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From Andy Armstrong <>
Subject Re: Anyone know why the ISAPI redirector works how it does?
Date Sun, 24 Jun 2001 23:41:19 GMT
Thanks Pete -- I'll watch for that. I've already had some experience of
this sort of thing. Not nice. wrote:
> You're right - it can't for filters - hence why it defaults to "Low".
> A word of advice, if you are doing this on Win2K you also get into some hairy security
issues and what is happenning under IUSR, IWAM etc. accounts.  Keep it in mind if you start
to see some strange behaviour in you tests.
> Cheers...Pete
> -----Original Message-----
> From: Andy Armstrong []
> Sent: Monday,25 June 2001 8:04
> To:
> Subject: Re: Anyone know why the ISAPI redirector works how it does?
> wrote:
> >
> > Hi, I'm a new, late starter on this thread...
> >
> > My understanding is that IIS runs about 15 threads and for filters it runs it on
one of the threads, and for extension procs it uses the model defined in the application setup
of the virtual directory (Low [iis thread], Medium [pool thread], High [isolated, app specific
threads]).  From what I can see of the Tomcat code, because it has the Filter and Extension
call backs in the same DLL it will always default to Low (ie. as a filter).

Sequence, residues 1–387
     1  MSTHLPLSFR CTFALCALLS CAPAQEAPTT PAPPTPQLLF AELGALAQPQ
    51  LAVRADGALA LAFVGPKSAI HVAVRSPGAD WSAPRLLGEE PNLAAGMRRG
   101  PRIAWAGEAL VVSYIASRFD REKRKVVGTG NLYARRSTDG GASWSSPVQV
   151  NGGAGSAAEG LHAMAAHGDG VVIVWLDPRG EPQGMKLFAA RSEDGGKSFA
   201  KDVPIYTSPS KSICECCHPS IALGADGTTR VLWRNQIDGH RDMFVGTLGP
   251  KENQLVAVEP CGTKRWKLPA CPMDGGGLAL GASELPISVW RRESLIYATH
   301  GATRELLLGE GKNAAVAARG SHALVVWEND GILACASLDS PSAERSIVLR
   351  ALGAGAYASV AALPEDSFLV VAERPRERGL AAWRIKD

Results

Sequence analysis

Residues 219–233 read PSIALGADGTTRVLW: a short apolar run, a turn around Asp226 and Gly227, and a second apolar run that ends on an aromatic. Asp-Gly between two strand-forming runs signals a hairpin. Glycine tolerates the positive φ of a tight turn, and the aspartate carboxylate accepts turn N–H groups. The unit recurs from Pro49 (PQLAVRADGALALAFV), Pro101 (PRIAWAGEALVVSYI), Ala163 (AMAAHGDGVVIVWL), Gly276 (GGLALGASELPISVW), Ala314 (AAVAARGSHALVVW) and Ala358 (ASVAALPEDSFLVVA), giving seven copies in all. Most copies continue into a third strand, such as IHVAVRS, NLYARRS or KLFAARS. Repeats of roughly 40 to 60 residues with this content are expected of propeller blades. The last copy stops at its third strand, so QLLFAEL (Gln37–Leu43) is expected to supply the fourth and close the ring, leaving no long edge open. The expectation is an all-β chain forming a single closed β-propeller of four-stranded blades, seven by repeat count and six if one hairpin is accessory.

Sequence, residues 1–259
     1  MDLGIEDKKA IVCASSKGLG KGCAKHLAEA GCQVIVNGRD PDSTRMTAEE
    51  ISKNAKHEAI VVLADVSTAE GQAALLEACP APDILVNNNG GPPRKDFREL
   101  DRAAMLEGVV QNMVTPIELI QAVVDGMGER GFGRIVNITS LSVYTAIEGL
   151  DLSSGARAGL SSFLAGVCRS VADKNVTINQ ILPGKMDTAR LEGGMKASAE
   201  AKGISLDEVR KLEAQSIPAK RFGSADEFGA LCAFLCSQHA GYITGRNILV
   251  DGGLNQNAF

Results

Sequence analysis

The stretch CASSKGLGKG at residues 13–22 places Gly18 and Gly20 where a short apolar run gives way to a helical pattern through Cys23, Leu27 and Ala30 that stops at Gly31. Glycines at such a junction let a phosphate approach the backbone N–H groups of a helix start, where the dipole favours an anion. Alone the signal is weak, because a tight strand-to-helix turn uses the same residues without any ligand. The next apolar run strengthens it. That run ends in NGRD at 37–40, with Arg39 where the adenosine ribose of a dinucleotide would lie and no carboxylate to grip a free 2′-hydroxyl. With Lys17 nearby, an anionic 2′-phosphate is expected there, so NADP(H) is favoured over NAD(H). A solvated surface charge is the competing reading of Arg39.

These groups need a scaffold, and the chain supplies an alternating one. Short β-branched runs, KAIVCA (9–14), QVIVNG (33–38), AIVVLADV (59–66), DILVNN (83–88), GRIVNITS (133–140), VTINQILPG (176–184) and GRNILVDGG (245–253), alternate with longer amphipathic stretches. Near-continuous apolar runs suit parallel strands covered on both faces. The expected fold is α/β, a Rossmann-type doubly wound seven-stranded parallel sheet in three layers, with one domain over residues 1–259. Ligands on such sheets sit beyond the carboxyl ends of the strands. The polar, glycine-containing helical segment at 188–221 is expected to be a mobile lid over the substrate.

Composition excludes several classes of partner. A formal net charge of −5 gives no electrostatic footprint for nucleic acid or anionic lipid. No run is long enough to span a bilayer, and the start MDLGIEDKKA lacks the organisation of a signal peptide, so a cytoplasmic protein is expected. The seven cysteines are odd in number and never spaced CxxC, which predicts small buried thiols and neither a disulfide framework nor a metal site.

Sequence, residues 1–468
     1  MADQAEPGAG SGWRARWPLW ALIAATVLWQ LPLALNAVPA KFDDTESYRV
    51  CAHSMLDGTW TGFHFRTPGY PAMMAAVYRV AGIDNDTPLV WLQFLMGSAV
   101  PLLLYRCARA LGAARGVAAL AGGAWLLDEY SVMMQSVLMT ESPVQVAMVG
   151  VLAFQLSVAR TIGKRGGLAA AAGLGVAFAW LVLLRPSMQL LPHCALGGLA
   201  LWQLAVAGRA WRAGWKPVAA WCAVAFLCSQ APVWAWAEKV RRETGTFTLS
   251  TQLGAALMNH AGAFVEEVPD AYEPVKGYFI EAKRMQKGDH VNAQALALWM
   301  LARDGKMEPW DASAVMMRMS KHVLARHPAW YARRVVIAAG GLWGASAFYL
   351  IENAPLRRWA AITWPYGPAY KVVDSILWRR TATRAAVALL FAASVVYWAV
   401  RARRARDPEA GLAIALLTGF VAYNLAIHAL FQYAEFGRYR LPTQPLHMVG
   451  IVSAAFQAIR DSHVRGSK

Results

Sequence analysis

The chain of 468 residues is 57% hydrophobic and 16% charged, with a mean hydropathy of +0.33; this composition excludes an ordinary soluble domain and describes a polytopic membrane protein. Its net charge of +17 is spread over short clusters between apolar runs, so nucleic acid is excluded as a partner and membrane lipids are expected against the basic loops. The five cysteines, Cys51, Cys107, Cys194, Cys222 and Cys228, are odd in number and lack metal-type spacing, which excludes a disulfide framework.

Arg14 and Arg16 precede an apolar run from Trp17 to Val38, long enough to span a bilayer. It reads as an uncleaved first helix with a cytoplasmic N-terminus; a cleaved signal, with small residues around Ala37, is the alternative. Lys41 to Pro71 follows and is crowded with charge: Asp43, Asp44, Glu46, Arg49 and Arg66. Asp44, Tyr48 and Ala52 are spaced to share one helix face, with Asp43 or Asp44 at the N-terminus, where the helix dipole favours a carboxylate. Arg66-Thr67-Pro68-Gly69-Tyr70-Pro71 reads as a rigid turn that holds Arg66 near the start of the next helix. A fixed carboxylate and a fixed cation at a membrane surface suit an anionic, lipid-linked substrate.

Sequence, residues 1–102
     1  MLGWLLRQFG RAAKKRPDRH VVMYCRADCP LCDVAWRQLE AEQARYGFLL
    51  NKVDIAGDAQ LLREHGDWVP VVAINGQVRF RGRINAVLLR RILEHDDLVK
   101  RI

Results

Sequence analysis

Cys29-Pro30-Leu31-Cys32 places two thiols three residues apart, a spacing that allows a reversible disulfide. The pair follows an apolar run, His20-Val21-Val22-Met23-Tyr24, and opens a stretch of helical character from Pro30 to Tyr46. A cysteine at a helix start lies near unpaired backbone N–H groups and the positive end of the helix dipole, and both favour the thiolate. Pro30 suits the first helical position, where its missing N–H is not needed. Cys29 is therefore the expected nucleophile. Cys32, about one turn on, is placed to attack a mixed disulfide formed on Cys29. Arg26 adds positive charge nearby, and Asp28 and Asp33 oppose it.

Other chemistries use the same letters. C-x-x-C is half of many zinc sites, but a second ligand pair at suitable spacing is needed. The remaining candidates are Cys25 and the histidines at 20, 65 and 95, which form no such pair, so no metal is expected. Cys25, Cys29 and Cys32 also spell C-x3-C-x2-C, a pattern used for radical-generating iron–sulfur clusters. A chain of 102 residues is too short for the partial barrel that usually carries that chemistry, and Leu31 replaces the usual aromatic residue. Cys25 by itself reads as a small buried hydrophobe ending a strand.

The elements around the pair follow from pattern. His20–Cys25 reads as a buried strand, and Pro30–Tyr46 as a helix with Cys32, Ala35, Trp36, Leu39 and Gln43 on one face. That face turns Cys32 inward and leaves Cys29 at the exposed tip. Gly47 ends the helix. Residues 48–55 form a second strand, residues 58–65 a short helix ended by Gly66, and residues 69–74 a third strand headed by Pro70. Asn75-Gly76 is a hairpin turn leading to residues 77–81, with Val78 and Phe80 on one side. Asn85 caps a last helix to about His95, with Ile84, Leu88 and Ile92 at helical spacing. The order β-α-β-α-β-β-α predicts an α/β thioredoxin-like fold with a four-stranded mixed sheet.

> >
> > My understanding is that the best way to do the IIS/Tomcat integration is tricky
- but worth it.
> >
> > You would:
> >
> > o Have a separate filter to do the absolute minimum to check whether the URI is
for a Servlet - this would run on the IIS thread and then direct it to the Exension Proc.
> > o Have a separate DLL implementing the extension proc and have it run in the High
protection model.
> > o In the extension proc you would implement the asynch call back model where in
simple terms IIS passes the call to the Tomcat DLL, the Tomcat DLL then has its own pool of
threads to process the request by releasing the IIS thread and holding a ref to a callback
sig function so that when Tomcat has finished it sigs back to IIS that it is complete and
IIS then takes over again.  This is the way ASP works and makes sure you never get the dreaded
"Server Busy" response back to the client because the scarce IIS threads are exhausted.
> >
> > Apart from that, I haven't thought about it ;-)
> Not much ;-)
> I'm surprised that it can choose which thread to use for filters -- is
> it not the case that filters are just called in the context of whichever
> thread is handling a particular request?
> I seem to be committed now to finding out empirically what's going on
> inside IIS and which approach will yield the best performance, both for
> requests delegated to Tomcat and for everything else the server's doing.
> I'll be sure to try the approach you suggest -- it certainly sounds
> reasonable.
> --
> Andy Armstrong, Tagish
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Andy Armstrong, Tagish

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